St. Annes ‘Carnival’ themed ball, set to take place this February, has been postponed due to ticket sale problems.
After a week of impassioned debate about the ball’s viability, St. Anne’s JCR Committee and Ball Committee released a joint statement that the ball would be postponed for a year. St. Anne’s ball is triennial, so finalists were particularly dismayed to hear that they would miss out on having a ball in college.
On Saturday of 5th Week, the 10th November, the JCR Committee decided by 12 votes to 3 to withdraw financial support for the ball. The JCR committee had voted the day before, but repeated the meeting due to a lack of Ball Committee representation and the absence of minutes for the first meeting. The announcement of the decision at a JCR meeting resulted in a call for a referendum to be held on Thursday of 6th week, calling for the JCR to again underwrite the ball. The referendum was withdrawn on Tuesday.
Concerns about the financial viability of the ball first arose in 3rd week of Michaelmas. A statement from the JCR Committee listed reasons for the decision including, “Tickets had not been put on sale, increasing the risk of having to underwrite the ball … A number of missed opportunities to combine active marketing with ticket sales … A lack of significant contact with St. Anne’s MCR.” The statement draws attention to the fact that tickets could not be sold at Freshers’ Fair or the ball launch, explaining, “This was due to the fact that an entertainment license for both guests and music was received only last Wednesday.”
The financial risk of underselling was highlighted by the statement, “Underselling by 100 tickets would require the JCR to underwrite £8,500 in payments; equivalent to its budget for this year.” The cost of postponing the ball was predicted to be £700.
Helen Robb, a finalist at St. Anne’s, said, “Our JCR budget is notoriously tight, and if there was a potential cost to the JCR which could have damaged budgets for welfare, charities, events, or any of the other JCR provisions, then it’s right that the ball was postponed. I think there was a divide over whether or not the JCR should have backed the ball, with some third year finalists annoyed not to be having a college ball during their time here.”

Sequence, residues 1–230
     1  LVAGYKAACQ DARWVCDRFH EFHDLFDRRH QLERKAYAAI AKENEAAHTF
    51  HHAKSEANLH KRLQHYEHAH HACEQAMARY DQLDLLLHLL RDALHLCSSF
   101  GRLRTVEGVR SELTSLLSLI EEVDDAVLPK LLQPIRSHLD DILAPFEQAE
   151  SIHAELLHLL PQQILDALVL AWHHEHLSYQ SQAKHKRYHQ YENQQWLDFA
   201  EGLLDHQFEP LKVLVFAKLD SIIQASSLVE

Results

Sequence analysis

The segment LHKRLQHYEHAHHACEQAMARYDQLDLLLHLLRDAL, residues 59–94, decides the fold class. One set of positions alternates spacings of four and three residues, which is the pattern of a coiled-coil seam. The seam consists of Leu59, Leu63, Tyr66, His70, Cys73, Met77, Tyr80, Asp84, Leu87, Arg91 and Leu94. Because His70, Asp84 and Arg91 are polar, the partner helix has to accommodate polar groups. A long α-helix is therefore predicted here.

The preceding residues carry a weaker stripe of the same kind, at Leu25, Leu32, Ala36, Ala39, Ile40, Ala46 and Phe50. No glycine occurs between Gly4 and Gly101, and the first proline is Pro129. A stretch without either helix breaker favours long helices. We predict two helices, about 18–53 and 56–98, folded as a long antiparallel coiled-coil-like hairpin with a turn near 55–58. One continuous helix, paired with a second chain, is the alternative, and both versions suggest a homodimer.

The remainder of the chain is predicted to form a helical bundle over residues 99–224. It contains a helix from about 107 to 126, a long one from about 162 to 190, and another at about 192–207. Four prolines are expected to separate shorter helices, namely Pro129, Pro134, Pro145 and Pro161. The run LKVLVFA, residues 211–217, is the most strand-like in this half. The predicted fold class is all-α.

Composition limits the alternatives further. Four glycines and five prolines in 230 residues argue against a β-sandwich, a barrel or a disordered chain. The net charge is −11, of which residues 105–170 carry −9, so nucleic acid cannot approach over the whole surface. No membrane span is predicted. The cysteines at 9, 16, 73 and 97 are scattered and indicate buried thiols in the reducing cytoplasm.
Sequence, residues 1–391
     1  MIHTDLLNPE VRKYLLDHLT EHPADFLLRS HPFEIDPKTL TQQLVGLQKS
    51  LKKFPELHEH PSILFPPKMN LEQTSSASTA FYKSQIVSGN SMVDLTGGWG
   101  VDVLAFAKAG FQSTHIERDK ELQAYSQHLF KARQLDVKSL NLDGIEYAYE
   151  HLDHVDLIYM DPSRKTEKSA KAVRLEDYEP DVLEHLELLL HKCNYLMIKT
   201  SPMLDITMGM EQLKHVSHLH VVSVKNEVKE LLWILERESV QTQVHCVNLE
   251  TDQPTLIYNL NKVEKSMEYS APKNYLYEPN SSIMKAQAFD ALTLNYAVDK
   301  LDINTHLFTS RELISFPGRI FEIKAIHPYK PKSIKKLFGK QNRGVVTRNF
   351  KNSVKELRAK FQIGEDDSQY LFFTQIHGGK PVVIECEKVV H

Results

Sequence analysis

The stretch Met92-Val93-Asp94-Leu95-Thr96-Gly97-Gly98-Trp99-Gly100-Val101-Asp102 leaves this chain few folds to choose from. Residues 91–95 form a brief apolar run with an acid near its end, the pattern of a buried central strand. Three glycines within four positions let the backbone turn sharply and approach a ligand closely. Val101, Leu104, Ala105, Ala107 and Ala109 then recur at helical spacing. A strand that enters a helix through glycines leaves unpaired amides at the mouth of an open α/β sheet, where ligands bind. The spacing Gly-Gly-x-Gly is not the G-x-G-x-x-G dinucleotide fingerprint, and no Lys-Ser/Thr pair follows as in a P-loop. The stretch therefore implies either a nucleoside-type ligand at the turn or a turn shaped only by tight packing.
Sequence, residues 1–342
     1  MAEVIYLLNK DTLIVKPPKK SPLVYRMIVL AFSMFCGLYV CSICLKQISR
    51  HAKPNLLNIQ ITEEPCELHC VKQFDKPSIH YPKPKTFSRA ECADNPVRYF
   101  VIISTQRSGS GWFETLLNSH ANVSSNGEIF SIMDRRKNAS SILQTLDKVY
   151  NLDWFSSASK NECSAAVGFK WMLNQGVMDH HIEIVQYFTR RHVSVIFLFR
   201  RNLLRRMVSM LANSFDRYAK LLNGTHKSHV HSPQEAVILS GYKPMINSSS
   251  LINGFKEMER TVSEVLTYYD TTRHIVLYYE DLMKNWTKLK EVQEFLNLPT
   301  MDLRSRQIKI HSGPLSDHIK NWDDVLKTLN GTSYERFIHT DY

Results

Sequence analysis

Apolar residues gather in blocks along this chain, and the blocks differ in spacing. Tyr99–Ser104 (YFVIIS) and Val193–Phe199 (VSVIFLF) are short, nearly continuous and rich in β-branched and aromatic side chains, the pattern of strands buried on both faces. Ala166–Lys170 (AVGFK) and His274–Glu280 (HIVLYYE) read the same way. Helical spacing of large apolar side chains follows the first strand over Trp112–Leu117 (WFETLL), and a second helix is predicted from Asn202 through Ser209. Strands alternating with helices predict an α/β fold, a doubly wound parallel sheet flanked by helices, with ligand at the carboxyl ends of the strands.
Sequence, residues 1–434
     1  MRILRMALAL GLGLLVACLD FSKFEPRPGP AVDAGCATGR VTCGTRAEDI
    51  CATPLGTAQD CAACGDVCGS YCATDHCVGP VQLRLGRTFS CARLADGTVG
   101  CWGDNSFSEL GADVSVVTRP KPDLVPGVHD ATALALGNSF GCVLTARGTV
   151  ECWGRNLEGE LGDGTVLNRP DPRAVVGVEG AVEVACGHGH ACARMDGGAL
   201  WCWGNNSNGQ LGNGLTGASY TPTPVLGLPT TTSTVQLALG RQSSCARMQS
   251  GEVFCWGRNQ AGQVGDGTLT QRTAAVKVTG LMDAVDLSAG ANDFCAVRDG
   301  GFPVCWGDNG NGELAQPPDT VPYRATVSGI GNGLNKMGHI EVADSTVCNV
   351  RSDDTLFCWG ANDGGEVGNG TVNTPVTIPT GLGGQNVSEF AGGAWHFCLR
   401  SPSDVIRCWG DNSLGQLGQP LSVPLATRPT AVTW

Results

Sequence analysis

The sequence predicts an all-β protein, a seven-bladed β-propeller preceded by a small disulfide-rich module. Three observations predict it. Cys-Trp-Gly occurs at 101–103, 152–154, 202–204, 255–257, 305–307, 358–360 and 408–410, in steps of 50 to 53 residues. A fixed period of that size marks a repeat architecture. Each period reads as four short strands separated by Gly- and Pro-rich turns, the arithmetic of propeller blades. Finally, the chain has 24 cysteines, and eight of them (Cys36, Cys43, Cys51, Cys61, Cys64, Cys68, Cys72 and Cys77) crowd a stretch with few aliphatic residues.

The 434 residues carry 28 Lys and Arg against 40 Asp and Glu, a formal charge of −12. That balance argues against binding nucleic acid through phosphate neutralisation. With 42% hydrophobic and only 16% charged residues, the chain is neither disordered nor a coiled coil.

Though there was noticeably more outcry amongst finalists, there were mixed opinions within year groups as well. Cai Wilshaw observed that “Our JCR meeting last Sunday descended into essentially what was a shouting match between the 2nd and 3rd years. Most freshers at the meeting had no opinion either for or against the ball being deferred. I had a few heated discussions with others in my year about the issue, and there were quite a few outspoken first years who wanted the ball to remain this year. However, in general I felt there was a prevailing desire for sensible discussion on the issue and on the ball’s viability this year.”
JCR Secretary Xin Fan announced on Tuesday that the referendum on financially supporting the ball had been withdrawn. “As well as the proposer’s retraction, it is recognised that without the full support of the Ball Committee, the ball would be unable to proceed should the referendum pass. As voting for the referendum would be on faith that it could proceed, all parties considered it unwise to present the JCR with an undeliverable option.”
Ball President Libby Derbyshire also issued a statement. “We are disappointed to have to cancel the ball, but given the damage of the last week’s events, vital elements are under threat and we believe it is no longer the event it once was. At this stage we are in agreement with the JCR Committee and wholly support the 2014 ball.”
The decision to withdraw the referendum left some students feeling that the wider JCR had not been consulted on the issue. The motion for the referendum received 46 votes in favour and 15 votes against. Helen Robb said, “I think a lot of people were angry because they felt side-lined, and they probably would have agreed with the argument put forward by the JCR if they were given the opportunity to vote; but I think it could have descended into a lot of anger and crowded out some of the reasoning. Either way, by the point that a referendum was called it was too late to return to plans of a 2013 ball.” Ball President Libby Derbyshire agreed that the referendum had potential to be, “more divisive than decisive.”
One 2nd year who attended the meeting said, “With everything in place and some amazing entertainment, food and drink lined up, all the Ball needed was the JCR’s seal of approval and their commitment to financially underwriting it. The decision to postpone the ball is very conservative, especially considering the majority of those present at the meeting were strongly in favour of a ball this year.”
Another 2nd year added, “The ball arrangements sounded amazing, I think the JCR Committee were just too scared to back it.”